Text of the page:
Kamis, 23 September 2010

NetComm 3G15Wn

We just wouldn't feel comfortable recommending the NetComm. It's a victim to stability issues, and was our most frustrating router to deal with in terms of simply trying to connect to the wireless. Perhaps a firmware update will eventually solve our issues, but at this point we'd look elsewhere for your modem/router needs.

  • Good: Multifunctional USB port
  • Bad: Stability and interface issues • Interface can get confusing • Wireless signal issues
  • RRP: AU$169.00
NetComm's 3G15Wn, as the product name not so discretely gives away, can handle 3G connections. That doesn't mean it comes with a 3G modem built-in — rather that the USB port on the rear can have one plugged into it, and that it will switch to 3G as failover if your ADSL connection fails. Just make sure it's on the compatibility list (PDF) before buying.

Specs at a glance

Firmware tested L411-402NCM-C01_R10
ADSL2+ modem Yes
Annex M Yes
3G modem Yes, through USB
Wireless protocols 802.11b/g/n
Highest wireless security WPA2
WDS Yes
Ethernet ports 4x 100Mbit
USB print sharing/storage Yes
Accessories Ethernet cable, phone cable, CD containing quick-start guide and manual

UI and features

NetComm's web user interface (UI) was easy to navigate, although for no reason we could determine loading any of the wireless configuration pages took an exceedingly long time, leading to frustration.
Almost every menu option also creates a drop down when you mouse over, which is fine enough, but some of those drop-down menus then expand sideways when you mouse over them, with no indication that there's further options hidden there in the first place. With 16 menu items under the "Advanced" menu, many of which have daughter menus, it's really quite easy to get lost, or have an idea of just how many features there are.
As seems to be sadly the norm with most routers, no effort is expended on explaining what any of the features do — it is up to the user to self educate, sometimes a daunting prospect given manufacturers often use different terminology for the same function.
NetComm 3G15Wn UI NetComm's interface is quite simple, although it hides so many sections under the drop downs it can get a bit hard to keep track of where you are. (Screenshot by CBS Interactive)
Features that stand out from the norm include TR-069 support, time of day restrictions, a URL filter, guest Wi-Fi access (giving users access to the internet, but not your local network) and grouped interfaces — although the latter was buggy and didn't allow us to remove grouped interfaces we'd created.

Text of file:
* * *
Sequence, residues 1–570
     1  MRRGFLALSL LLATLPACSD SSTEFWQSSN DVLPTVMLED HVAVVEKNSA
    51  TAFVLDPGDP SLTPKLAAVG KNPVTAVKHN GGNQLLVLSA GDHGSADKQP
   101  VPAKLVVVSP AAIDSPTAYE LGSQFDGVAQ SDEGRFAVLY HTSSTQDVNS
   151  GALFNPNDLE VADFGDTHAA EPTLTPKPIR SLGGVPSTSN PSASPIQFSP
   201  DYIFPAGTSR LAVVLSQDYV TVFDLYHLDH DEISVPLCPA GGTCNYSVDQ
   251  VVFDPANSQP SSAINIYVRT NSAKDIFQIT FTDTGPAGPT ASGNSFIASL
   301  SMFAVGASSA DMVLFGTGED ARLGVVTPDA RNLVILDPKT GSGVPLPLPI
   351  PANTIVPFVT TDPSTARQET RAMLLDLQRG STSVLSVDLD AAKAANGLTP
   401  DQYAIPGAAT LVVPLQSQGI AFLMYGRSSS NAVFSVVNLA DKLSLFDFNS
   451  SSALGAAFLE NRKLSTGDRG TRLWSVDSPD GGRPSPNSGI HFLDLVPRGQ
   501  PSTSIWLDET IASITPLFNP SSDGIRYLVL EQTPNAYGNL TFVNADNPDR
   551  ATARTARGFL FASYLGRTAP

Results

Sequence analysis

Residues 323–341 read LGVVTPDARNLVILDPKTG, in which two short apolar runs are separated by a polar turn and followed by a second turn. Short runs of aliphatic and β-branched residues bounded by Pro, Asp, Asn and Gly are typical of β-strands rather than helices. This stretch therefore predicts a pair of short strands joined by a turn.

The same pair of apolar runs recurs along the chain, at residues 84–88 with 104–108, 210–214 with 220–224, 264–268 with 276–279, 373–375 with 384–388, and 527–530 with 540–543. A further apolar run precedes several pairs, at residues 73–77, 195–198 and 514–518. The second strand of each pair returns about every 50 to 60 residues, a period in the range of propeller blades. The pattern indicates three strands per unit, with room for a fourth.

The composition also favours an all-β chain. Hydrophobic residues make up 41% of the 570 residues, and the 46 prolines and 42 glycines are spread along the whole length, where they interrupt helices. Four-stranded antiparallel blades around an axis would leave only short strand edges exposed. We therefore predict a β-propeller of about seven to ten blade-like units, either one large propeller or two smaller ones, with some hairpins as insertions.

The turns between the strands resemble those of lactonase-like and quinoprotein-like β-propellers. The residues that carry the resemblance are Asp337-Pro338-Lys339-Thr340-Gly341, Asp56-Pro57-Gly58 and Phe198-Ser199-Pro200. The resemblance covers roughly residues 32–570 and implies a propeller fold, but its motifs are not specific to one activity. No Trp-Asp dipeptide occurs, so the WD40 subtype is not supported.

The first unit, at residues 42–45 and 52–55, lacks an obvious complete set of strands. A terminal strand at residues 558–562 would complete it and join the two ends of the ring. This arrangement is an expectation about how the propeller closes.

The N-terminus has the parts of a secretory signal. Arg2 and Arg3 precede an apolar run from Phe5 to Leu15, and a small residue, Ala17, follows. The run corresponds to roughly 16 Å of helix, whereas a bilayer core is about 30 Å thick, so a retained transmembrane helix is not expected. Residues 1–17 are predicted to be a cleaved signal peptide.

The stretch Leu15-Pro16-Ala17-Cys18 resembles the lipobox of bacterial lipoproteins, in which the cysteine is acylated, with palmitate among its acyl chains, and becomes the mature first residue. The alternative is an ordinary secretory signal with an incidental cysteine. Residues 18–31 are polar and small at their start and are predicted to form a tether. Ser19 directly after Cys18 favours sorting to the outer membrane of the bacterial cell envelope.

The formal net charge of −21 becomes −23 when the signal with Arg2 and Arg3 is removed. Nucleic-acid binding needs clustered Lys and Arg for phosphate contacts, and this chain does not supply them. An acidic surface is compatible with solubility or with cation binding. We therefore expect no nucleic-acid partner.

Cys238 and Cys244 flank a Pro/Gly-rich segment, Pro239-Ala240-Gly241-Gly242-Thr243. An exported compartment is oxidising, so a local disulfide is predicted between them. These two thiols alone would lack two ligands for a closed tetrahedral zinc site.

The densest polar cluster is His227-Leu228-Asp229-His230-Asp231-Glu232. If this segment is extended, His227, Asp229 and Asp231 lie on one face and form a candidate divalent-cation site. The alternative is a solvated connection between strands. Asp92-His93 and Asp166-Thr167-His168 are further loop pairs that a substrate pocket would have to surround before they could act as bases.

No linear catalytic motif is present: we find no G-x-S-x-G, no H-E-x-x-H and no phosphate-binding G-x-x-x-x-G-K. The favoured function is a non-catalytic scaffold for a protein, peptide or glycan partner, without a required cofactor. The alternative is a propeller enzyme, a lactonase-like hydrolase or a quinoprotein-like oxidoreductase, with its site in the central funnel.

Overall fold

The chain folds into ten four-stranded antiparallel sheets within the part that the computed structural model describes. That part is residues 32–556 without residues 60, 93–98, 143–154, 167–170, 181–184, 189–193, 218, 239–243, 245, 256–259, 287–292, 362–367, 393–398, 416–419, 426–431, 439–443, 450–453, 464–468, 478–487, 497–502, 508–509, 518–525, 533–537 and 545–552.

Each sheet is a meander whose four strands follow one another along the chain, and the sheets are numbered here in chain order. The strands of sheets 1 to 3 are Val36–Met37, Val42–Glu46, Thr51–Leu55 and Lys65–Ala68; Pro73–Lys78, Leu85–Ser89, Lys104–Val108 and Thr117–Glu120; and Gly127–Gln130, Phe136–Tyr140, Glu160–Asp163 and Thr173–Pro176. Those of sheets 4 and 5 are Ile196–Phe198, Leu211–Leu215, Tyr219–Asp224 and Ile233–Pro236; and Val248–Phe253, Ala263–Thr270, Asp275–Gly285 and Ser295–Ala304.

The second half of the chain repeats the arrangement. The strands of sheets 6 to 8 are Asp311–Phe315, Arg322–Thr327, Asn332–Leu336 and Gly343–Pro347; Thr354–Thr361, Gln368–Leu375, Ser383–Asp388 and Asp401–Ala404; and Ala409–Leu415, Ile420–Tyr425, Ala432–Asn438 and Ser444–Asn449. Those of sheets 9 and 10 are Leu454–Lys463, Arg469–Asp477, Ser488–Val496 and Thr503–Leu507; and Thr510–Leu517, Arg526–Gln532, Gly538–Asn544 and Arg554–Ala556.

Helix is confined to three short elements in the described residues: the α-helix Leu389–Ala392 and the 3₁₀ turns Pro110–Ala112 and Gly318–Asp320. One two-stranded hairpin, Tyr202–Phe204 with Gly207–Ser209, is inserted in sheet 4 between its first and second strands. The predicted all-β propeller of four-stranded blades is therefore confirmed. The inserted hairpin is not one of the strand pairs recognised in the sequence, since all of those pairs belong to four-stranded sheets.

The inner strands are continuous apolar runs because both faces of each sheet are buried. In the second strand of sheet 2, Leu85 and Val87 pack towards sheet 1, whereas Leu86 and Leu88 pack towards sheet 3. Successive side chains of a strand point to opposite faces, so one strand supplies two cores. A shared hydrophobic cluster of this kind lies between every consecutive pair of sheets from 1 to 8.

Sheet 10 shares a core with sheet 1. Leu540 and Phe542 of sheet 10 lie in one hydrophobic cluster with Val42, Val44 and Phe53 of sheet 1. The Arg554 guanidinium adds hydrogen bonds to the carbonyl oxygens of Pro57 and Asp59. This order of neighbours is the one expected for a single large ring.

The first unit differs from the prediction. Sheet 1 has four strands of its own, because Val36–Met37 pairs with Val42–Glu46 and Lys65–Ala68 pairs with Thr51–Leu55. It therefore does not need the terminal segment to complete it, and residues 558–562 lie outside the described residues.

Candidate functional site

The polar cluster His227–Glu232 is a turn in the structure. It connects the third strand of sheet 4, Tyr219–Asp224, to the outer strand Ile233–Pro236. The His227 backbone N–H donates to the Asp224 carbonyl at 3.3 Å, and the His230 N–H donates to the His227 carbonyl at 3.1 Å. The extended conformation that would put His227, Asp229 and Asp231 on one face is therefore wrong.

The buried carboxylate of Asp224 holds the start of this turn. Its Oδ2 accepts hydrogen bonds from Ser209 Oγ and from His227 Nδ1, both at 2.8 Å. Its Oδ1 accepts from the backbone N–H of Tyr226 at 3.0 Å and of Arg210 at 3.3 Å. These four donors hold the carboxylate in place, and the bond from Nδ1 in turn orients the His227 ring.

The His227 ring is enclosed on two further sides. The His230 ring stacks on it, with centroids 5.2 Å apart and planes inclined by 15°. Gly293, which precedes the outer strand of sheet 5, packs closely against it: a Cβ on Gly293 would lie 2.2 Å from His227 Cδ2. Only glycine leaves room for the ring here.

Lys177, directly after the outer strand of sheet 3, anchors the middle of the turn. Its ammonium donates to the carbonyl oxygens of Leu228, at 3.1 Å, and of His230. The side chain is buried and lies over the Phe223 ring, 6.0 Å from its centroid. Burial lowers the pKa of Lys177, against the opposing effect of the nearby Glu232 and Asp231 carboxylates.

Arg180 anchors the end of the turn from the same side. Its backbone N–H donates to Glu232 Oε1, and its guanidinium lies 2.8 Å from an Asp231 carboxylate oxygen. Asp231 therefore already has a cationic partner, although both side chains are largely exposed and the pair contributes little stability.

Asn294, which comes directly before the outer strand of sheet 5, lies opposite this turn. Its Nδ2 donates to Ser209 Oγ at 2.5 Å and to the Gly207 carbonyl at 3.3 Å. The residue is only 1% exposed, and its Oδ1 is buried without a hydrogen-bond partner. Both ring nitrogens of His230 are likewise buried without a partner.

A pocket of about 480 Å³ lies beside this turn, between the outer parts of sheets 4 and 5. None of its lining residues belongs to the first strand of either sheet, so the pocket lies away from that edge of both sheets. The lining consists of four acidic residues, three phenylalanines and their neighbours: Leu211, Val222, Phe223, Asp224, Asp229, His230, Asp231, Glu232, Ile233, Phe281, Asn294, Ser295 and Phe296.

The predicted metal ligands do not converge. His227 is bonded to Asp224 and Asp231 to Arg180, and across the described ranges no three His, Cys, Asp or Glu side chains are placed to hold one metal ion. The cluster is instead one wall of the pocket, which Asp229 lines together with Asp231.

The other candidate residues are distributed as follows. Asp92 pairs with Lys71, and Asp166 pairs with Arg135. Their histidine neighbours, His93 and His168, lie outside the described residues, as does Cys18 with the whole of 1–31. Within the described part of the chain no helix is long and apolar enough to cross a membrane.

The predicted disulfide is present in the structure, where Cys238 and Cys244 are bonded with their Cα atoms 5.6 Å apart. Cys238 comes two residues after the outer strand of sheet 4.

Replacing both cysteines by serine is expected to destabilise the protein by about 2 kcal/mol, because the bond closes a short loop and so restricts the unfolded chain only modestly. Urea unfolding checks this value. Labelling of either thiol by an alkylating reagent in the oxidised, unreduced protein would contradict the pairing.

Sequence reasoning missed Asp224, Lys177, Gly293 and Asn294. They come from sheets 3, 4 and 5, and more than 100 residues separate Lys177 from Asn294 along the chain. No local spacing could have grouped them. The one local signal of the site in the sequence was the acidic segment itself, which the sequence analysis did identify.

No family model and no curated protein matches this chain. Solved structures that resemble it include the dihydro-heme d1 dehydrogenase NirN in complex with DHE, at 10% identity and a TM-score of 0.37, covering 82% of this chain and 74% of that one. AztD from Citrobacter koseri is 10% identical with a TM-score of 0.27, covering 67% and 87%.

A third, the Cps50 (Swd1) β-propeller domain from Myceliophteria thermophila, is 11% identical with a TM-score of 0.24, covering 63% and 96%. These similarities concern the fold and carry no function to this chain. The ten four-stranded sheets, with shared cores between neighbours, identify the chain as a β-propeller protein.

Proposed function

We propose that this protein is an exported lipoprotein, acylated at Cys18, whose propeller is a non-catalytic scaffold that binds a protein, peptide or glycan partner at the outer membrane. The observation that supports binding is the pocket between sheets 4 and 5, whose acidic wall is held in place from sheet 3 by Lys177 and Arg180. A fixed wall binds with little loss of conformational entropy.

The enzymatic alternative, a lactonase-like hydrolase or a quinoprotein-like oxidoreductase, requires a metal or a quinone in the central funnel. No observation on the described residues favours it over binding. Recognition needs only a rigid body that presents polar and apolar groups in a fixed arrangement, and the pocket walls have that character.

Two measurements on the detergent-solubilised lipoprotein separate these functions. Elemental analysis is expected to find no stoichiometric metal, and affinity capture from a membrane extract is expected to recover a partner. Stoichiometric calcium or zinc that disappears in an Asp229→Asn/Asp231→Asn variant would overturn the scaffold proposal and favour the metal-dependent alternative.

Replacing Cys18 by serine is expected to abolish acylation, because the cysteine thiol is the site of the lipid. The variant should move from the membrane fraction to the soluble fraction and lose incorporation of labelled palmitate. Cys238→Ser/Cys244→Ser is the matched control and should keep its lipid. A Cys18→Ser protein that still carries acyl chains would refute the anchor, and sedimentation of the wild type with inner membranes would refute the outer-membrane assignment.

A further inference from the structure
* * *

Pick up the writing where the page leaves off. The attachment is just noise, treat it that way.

During configuration we also managed to crash the router twice — this in combination with the weird long pauses on the wireless configuration page makes us think a lot of firmware work has yet to be done.

Performance

After analysing the spectrum with InSSIDer, an empty channel of either 1, 6 or 11 is chosen for 2.4GHz wireless testing. The router is restricted to the 20MHz band and is set to only allow 802.11n clients. If possible, the MCS is set to 15.
We use iperf to determine throughput, running eight streams, with a TCP window size of 1MB, and an interval of one second. The test is run for five minutes in three different locations, on two separate occasions. The locations are in the same room as the router, one floor down around spiral stairs and with concrete walls and floors, and two floors down under the same conditions.
The wireless throughput is tested using three chipsets, the Atheros AR5008X, Ralink RT2870 and Intel 5100AGN, then all results are averaged.

2.4GHz throughput (in Kbps)

  • Billion BiPAC 7800N
  • Linksys WAG320N (2.4GHz)
  • Asus DSL-N13
  • NetComm 3G15Wn
  • Location one (same room, no obstructions) 69.2065.9765.1761.43
  • Location two (one floor down, some obstructions) 64.6354.3753.4350.90
  • Location three (two floors down, some obstructions) 38.2335.2729.7325.45
(Longer bars indicate better performance)
Here's where a graph doesn't tell the full story — while the averages look good, the performance was wildly variable during the tests, often troughing to zeroes then charging back up again, particularly with our Ralink connection. We had a hard time even connecting our wireless clients to the 3G15Wn to begin with, to the point where we gave up and simply left it for another day. The next day, the wireless client connected fine — we hadn't changed a thing, and the surrounding Wi-Fi networks hadn't changed either.
ADSL performance is simply measured by the sync speed on an Internode ADSL2+ connection to the St Leonards exchange, on the company's high speed profile. If the connection remains stable over a period of time, the sync speed is recorded.

ADSL2+ sync speed (in Kbps)

  • Billion BiPAC 7800N
  • Linksys WAG320N (2.4GHz)
  • Asus DSL-N13
  • NetComm 3G15Wn
  • Uplink 1349134213461349
  • Downlink 22306225792192122172
(Longer bars indicate better performance)

Power consumption

We measured power consumption using a Jaycar mains digital power meter. It's important to note here that due to limitations of the meter, measurements are limited to values 1W and greater, and are reported in 1W increments.
The wireless radio was turned on, and an iperf test begun for measurement, using one wireless client and one wired.
Juice Box
Transmitting 9W
Idle 9W
The NetComm isn't a particularly thirsty or frugal router — it pulls 9W, an average result.

Warranty

NetComm offers a three-year warranty, but only if you register online.

Conclusion

We just wouldn't feel comfortable recommending the NetComm. It's a victim to stability issues, and was our most frustrating router to deal with in terms of simply trying to connect to the wireless. Perhaps a firmware update will eventually solve our issues, but at this point we'd look elsewhere for your modem/router needs.

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